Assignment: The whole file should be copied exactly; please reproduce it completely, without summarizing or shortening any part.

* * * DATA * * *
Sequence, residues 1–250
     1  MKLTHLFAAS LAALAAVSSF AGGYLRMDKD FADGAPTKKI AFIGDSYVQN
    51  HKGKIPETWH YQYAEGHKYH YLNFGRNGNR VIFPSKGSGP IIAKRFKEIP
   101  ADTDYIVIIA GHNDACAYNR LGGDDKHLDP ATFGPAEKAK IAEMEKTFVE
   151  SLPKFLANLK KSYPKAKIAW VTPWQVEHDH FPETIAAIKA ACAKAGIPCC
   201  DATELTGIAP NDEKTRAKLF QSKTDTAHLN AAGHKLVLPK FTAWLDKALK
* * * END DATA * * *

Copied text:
Sequence, residues 1–250
     1  MKLTHLFAAS LAALAAVSSF AGGYLRMDKD FADGAPTKKI AFIGDSYVQN
    51  HKGKIPETWH YQYAEGHKYH YLNFGRNGNR VIFPSKGSGP IIAKRFKEIP
   101  ADTDYIVIIA GHNDACAYNR LGGDDKHLDP ATFGPAEKAK IAEMEKTFVE
   151  SLPKFLANLK KSYPKAKIAW VTPWQVEHDH FPETIAAIKA ACAKAGIPCC
   201  DATELTGIAP NDEKTRAKLF QSKTDTAHLN AAGHKLVLPK FTAWLDKALK